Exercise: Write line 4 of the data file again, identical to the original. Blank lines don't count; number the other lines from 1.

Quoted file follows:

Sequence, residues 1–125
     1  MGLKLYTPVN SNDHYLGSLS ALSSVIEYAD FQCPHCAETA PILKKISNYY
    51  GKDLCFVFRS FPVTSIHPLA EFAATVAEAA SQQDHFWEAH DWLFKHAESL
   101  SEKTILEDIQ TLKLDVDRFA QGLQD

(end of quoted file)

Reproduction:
   101  SEKTILEDIQ TLKLDVDRFA QGLQD